Happy New Year! January is a good time to reflect on what happened in the past year and also have a fresh start for the new year. One year might pass by quickly for adults, but for a child a year can be a long fulfilling period of leaning so many skills and reaching lots of milestones. The skills and milestones that your child hasn’t quite reached can definitely be part of the goals for 2014!
During Tasty Tuesdays in January, we will talk about how to make healthy goals for you and for your child. “Healthy” could literary mean your physical health, such as eating more vegetables and exercising, but making healthy goals can also be applied to other kinds of goals that might be difficult to achieve. Achieving things that you haven’t been able to do can be very stressful. Making emotionally healthy goals is also an important aspect of this conversation, so feel free to bring you own snack and talk about setting goals for the new year!
Set achievable goals for you and your child.
Whatever goals you each have, they should be clear, achievable (try not to make things too easy, though), and measurable. You can also make smaller goals for each month to achieve a big goal for the year of 2014. Regardless of whether they are separate goals or a goal you each contribute to, you can be a role model for working on goals and gaining skills or habits that together you want to acquire.
Identify barriers that prevent you and your child from achieving goals.
Think about what makes it difficult to achieve the goals that you made. Maybe you just don’t have enough time to go to the gym. Maybe your child has set a goal of eating spinach, but he just can’t stand the texture of it. Whatever it is, it’s really important to know the obstacles and think how you can overcome those challenges. When you are talking to your child about his goals, let him tell you what the challenges are, instead of making assumptions yourself. What your child tells you may not make a lot of sense, and that’s okay.
You can also incorporate the goal setting process in a fun game! My colleague, Milo Dickerson, made a board game that you and your child can decorate and play with. In this game, you can write your goal and two obstacles to achieve the goal. You can have fun by decorating the sheet while thinking about the goal and barriers, and play the game to remind you about the goal. Having a serious sit-down conversation about goals and obstacles can sometimes be a little boring and stressful for kids. So, have fun with it as much as you can!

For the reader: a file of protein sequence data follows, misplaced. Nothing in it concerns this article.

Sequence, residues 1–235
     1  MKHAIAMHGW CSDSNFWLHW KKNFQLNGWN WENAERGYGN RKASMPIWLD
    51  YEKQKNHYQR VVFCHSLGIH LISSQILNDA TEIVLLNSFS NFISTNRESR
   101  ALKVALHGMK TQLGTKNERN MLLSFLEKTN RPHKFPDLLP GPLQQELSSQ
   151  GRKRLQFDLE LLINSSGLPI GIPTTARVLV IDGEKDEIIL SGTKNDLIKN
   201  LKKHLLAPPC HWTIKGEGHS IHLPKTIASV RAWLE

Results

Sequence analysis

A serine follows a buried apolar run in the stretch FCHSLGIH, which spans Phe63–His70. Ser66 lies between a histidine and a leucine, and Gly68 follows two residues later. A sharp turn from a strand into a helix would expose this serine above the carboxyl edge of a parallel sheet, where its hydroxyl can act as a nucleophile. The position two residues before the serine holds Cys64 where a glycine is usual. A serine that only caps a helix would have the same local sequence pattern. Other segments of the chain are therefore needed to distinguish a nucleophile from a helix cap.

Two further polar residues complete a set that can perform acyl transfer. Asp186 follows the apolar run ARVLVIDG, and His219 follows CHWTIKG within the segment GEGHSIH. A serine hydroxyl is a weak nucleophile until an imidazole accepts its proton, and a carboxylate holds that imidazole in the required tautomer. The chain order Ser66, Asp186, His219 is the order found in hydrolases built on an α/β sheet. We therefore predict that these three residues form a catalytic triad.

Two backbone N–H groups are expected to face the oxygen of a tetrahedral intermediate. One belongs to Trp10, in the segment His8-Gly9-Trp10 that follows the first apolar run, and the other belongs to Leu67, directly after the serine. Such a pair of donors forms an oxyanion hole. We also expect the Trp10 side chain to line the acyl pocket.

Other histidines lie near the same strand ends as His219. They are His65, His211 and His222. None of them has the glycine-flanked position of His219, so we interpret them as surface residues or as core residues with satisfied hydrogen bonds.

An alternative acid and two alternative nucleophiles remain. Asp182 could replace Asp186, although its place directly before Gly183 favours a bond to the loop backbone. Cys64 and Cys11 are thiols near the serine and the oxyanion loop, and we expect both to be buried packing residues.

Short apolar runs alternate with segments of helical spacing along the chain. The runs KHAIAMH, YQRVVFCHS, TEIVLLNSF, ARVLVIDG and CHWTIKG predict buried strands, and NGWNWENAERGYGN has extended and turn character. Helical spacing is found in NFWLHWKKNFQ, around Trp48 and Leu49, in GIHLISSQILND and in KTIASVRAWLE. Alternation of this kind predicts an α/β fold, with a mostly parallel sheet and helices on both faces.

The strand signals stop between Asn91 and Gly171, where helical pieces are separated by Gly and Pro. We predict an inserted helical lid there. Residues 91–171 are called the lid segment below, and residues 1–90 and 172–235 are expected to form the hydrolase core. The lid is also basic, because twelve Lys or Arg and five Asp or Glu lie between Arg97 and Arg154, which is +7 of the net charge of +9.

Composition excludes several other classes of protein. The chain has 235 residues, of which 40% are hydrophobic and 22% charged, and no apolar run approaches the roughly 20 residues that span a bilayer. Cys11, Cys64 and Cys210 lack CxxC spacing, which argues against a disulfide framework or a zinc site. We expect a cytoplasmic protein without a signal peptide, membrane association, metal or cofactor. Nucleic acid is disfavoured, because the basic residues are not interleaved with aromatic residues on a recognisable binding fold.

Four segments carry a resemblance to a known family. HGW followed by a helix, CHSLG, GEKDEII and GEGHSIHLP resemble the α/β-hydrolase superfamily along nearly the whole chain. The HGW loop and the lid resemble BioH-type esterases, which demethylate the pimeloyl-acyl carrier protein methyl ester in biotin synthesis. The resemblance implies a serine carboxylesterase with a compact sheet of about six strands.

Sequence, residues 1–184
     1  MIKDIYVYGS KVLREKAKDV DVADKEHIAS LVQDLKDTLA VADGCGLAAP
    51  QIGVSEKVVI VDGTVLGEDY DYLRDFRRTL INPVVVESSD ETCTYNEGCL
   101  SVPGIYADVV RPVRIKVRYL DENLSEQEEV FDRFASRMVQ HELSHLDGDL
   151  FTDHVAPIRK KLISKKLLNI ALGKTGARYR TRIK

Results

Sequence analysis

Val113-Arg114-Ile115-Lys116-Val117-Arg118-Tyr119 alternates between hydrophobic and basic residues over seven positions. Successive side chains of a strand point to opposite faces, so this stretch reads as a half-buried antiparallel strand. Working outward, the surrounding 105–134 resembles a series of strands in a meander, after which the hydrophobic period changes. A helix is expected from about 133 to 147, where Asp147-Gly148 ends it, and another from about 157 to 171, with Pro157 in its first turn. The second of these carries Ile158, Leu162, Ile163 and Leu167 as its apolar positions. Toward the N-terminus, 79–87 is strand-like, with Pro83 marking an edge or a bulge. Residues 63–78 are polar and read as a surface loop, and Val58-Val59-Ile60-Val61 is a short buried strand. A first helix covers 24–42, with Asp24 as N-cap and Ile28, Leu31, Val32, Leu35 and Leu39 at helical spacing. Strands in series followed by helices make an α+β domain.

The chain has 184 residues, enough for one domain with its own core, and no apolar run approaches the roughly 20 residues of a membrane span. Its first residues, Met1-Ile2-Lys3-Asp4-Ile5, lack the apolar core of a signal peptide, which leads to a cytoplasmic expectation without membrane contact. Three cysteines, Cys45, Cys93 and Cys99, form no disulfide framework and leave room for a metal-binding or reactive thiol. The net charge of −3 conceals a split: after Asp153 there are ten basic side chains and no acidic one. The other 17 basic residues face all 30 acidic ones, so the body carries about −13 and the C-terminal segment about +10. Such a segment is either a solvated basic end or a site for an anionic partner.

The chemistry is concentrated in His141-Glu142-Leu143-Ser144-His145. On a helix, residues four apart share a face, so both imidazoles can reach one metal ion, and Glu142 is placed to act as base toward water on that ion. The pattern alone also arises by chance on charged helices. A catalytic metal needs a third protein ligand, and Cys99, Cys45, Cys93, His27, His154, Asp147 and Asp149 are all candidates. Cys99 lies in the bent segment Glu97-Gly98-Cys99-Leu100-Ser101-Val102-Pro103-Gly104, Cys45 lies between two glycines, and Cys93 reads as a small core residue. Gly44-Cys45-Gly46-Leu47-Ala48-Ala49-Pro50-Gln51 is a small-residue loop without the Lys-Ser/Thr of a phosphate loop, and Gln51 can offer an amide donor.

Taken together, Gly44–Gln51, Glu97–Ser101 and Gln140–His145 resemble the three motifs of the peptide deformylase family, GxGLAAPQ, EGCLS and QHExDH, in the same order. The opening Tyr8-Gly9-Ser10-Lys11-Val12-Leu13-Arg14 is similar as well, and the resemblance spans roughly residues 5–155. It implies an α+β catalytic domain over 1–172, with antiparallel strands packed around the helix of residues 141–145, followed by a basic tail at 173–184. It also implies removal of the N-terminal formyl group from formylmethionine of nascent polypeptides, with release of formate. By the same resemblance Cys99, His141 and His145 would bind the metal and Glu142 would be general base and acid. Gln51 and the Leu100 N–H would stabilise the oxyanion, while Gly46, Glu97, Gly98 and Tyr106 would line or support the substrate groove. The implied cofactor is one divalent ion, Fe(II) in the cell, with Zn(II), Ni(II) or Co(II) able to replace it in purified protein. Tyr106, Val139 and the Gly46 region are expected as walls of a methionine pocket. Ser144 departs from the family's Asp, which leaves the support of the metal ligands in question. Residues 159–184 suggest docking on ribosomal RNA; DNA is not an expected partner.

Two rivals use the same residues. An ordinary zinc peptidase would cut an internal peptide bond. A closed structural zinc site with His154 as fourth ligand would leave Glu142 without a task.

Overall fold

Set healthy rewards for reaching your goals.
Rewards can be very motivating when working toward a goal. However, using food for a reward – or for a punishment for that matter – is not recommended. One of the biggest reasons is because those reward food items are often junk food. I’m not suggesting that you never eat junks and sweet treats. In fact, not-so-healthy foods can actually fit into your family’s diet when they are balanced with other healthy foods. However, by making junk food a “reward,” you are at risk of sending the wrong message about healthy food choices to your child. Some people may say that they are using healthy food for a reward. However, using healthy food as a reward is still not recommended because healthy foods should not be an occasional treat. Instead, they should be part of your everyday diet!
Healthy non-food rewards can be an activity that you can do together as a family, and it doesn’t have to be something that costs you a lot of money. A healthy reward should be healthy for your wallet, too! Children can be satisfied with simple rewards, such as reading an extra book for the bedtime routine and getting a certification or medal for the achievement.
Now go ahead and make a goal for your healthy 2014. I hope you have a wonderful new year with a health body and mind!